I’ve always thought that Star Trek was kind of cheating when it called space "the final frontier." "Space" is everything except the planet we live on, so it’s like calling infinity the final frontier. Maybe the phrase was intended to indicate a subtle imperialist manifest destiny in the Federation as it saw everything that wasn’t Earth a frontier to be won and settled. (If any undergrads out there were looking for a seemingly deep, but actually inane topic for a term paper this fall, you can have that.)
I’m thinking about space as both NASA and Tony Stark stand-in Elon Musk have been talking about Mars colonies recently. NASA has said they are looking at having a manned mission there by 2035. Musk topped that by saying his company, Space X, could get an astronaut there by 2026. (Both estimates are still more conservative than Newt Gingrich’s 2012 boast of a moon colony by 2020 that would be the 51st state.)
I am terribly excited about this timetable as I believe that mankind’s future lies among the stars (I guess technically, we already do lie among the stars, but that’s not the point). Last fall I was able to watch the Minotaur V rocket head into space from my apartment window. It made me realize that we could be on the verge of a whole new age of exploration, though without all the genocide this time. Instead of two piddling little continents, we have an entire planet to explore.
The first age of exploration went a bit faster than this one. Given that the atmosphere of the Americas was breathable to Europeans, any jerk with a boat could sail across the ocean. Six years from Columbus’s first voyage the first permanent European settlement in the New World was founded. (Which at the time they thought was in Asia and thus must have been confused about why Emperor of Japan hadn’t executed them for founding a city in his backyard.) For comparison, it has been more than 40 years since a human even stood on the moon. And while we can’t breathe on Mars yet, the current strategies for terraforming it consist of covering it in greenhouse gases, which, fortunately, is a skill we’ve been perfecting for decades.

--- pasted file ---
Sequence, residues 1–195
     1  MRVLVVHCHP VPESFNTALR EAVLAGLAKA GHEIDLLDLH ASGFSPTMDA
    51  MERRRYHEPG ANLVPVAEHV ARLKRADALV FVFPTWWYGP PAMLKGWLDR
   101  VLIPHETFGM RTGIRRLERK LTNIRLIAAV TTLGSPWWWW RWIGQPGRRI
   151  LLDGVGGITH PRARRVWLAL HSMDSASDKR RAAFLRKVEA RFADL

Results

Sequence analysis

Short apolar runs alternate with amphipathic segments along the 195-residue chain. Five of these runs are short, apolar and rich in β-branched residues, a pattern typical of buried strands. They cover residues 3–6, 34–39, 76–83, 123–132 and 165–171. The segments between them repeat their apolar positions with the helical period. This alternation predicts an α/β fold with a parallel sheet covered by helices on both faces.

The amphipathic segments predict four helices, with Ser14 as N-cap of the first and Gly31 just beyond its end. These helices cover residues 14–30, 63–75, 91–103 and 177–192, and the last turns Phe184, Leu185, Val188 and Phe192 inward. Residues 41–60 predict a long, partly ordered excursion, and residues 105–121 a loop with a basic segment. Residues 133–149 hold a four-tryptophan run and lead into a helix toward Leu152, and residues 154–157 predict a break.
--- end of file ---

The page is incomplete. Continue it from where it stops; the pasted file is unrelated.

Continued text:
Space exploration has been slowed by a push back from people who think it’s not a valuable investment. I’m kind of mystified by this viewpoint that we shouldn’t be exploring and settling other worlds. I’m sure there were people in the 15th century who thought there wasn’t anything useful out in this New World. And I’m equally sure that 20 years later these same people were knifing one another over a sack of nutmeg from the Spice Islands. We don’t yet know what’s waiting out there to be discovered, what vital element of life we have been missing but now desperately need. Consider that Richard the Third died never knowing that his lunch of bacon and lettuce was missing a third crucial ingredient.
I think part of the problem with kicking off the colonization of new planets comes from how accustomed to immediacy we’ve become in the last century. The old explorers were perfectly willing to sit on a boat for two months to get to the new world because that’s how long it took to get anywhere. But now that a complete circumnavigation of the globe can be accomplished in less than two days, we don’t have the stomach for a longer voyage. One would think that it would be easier to commit to spending the better part of a year on a ship when the in-flight entertainment consists of every season of every television show ever made instead of watching your teeth fall out from scurvy, but I guess entertainment value is relative.
Lastly, we eventually have to either get off this planet or go the way of the dinosaurs in the most literal sense of the expression. If an asteroid wipes out our species, that’s not just apocalyptic, it’s also embarrassing. Think of how humiliating it would be to have all the alien races that discover our ruins judging us for keeping our whole civilization in one basket when we had a perfectly serviceable backup next door that we never bothered to fix up.